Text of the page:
Sex Pistols Miniseries Could 'Destroy' The Band, Says John Lydon

By Andrew Magnotta @AndrewMagnotta

July 23, 2021

Photo: Getty Images North America

Sex Pistols frontman John Lydon a.k.a. 'Johnny Rotten' is condemning a licensing agreement he signed with his former bandmates years ago, calling it a "total trap or prison" and likening it to "slave labor."

Sex Pistols guitarist Steve Jones and drummer Paul Cook are suing Lydon over the right to use the band's music in an upcoming biopic miniseries about their groundbreaking U.K. punk band.

Pistol is a six-episode biopic miniseries about the Sex Pistols, based on Jones' 2018 memoir, Lonely Boy: Tales From A Sex Pistol. It's directed and executive produced by Academy Award-winner Danny Boyle.

Jonesy and Cook argue that, according to a band agreement from decades ago, licensing requests in the band are determined on a "majority rules basis." Jones and Cook have agreed to the series, as have bassist Glen Matlock and the estate of late-bassist Sid Vicious.

According to his lawyer, Lydon objects because Jones' book portrays him in a "hostile and unflattering light." As it stands right now, Lydon has no say in how he's portrayed on screen.

Jones argued that the series is "not about slagging anyone..." including the frontman.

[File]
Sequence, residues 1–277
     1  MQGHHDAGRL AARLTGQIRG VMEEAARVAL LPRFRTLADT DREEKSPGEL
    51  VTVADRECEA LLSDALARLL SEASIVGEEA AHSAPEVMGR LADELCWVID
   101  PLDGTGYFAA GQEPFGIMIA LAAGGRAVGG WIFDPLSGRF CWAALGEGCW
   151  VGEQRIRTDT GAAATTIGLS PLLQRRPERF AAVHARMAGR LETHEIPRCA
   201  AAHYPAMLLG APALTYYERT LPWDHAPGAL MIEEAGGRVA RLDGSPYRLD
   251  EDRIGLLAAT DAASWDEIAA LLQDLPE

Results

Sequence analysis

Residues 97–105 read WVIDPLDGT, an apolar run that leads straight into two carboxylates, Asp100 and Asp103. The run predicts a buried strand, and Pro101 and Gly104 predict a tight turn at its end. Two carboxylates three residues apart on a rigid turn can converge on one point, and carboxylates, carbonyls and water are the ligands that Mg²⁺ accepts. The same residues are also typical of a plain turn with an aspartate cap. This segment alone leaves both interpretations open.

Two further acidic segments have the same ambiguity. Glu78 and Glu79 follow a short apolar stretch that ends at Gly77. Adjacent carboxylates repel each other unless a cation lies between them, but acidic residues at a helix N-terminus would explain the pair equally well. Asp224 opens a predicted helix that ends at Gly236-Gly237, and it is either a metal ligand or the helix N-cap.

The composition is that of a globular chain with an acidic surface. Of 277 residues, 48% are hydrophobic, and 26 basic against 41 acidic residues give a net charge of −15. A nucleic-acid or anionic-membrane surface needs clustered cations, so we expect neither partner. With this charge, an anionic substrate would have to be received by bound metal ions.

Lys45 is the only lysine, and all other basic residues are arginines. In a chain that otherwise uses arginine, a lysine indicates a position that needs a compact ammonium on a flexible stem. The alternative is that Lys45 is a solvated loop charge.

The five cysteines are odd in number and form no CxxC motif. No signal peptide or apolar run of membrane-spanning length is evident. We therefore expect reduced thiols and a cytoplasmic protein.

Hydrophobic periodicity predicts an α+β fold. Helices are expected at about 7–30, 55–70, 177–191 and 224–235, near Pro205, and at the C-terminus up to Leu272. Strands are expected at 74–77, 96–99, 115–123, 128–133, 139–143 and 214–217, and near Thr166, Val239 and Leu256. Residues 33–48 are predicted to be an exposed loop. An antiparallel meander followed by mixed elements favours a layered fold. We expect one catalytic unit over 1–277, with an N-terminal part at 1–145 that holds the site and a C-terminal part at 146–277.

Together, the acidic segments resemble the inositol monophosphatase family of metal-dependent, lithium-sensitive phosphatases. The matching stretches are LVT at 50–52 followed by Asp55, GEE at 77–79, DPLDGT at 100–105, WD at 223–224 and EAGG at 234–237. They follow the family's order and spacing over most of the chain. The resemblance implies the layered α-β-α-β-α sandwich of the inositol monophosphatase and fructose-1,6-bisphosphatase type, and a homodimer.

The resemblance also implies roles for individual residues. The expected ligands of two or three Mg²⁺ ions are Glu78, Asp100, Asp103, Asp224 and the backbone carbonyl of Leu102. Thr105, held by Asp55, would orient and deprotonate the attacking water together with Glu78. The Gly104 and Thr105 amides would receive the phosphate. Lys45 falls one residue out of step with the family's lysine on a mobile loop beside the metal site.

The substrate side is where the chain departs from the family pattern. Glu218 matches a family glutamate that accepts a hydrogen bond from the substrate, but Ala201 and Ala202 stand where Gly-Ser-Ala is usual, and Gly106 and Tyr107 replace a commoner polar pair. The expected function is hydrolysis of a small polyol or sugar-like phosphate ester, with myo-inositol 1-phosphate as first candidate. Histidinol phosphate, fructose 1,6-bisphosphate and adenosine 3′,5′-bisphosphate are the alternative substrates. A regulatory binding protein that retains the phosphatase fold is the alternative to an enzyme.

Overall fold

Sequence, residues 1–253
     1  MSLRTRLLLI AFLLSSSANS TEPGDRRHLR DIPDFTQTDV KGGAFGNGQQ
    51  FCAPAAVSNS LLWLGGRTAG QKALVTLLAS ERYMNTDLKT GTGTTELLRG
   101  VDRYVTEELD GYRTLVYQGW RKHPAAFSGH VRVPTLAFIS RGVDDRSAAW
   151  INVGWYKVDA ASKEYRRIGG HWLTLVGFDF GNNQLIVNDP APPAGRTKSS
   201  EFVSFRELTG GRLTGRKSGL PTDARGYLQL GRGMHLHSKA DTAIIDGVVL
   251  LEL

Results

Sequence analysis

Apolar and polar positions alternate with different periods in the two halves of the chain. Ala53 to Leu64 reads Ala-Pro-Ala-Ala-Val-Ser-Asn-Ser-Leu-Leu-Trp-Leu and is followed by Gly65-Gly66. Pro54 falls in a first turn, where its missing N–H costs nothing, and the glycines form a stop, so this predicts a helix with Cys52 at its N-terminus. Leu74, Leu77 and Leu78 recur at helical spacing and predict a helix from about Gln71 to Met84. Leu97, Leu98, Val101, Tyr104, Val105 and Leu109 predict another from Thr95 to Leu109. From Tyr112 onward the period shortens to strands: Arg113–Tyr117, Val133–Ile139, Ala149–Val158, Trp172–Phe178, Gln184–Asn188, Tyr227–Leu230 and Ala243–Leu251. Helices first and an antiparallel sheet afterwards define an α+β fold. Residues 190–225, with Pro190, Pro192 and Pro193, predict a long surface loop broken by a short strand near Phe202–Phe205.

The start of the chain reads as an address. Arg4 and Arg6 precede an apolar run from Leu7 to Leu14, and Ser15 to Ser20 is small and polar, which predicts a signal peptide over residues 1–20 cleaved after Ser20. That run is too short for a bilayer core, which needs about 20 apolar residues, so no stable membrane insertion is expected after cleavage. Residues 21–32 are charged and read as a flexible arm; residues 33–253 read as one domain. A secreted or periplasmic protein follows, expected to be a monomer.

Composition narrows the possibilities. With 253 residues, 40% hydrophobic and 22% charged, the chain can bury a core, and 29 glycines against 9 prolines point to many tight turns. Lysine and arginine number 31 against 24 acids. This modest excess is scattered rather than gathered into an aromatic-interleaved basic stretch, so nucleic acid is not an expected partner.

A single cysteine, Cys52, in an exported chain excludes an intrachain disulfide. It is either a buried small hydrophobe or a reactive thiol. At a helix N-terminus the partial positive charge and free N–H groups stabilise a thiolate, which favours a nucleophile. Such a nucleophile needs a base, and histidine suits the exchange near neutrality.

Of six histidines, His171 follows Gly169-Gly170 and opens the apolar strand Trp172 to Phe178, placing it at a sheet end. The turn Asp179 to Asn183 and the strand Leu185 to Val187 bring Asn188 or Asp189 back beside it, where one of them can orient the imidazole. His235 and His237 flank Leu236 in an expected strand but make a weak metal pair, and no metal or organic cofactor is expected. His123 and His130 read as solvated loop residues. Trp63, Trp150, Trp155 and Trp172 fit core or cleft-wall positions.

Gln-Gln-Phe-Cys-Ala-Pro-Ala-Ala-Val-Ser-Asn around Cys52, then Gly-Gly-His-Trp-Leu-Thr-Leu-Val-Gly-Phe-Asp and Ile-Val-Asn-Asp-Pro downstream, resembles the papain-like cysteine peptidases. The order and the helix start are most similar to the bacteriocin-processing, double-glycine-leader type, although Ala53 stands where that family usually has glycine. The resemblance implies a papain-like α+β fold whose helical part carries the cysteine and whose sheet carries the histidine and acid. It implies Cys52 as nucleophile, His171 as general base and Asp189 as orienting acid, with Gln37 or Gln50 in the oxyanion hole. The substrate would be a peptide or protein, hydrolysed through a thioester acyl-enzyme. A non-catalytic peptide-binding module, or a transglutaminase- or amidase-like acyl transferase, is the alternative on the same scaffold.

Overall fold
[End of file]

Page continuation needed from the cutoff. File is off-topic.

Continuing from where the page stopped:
In court Wednesday, Lydon told the judge:

"I care very much about this band and its reputation and its quality control and I will always have a say if I think anything is being done to harm or damage [it].
"I don't want anything I'm involved in to victimize any one of us. It would destroy the whole point and purpose of the band and so I don't understand the [band member agreement]... I don't remember signing it.
"You can't let your history be rewritten for us by a complete stranger with no interest in it. This is my life here. This is my history. I didn't write these songs [for them] to be given off to nonsense."

Furthermore, Lydon claimed that the band member agreement has never been invoked since it was signed so many years ago. Previously, all the Sex Pistols licensing was agreed upon with "unanimous" votes, he said.

Cook told the court that he and Jonesy were forced to sue Lydon so their music could be licensed for the show. While the band members have always "wanted to work harmoniously," Lydon is a "difficult character" and likes to feel like he's in control of everything related to the band.

Regarding the "majority rules" clause, Cook said the band members never invoked it before in order to "maintain good relations" with Lydon.

"I am unhappy that [Lydon] would behave like this over an important personal project for Steve," Cook added, "particularly as we have always backed [Lydon's] personal projects."

This spring, Lydon called the Pistol series "the most disrespectful s--t I've ever had to endure" and vowed to fight it in court to the "bitter end."

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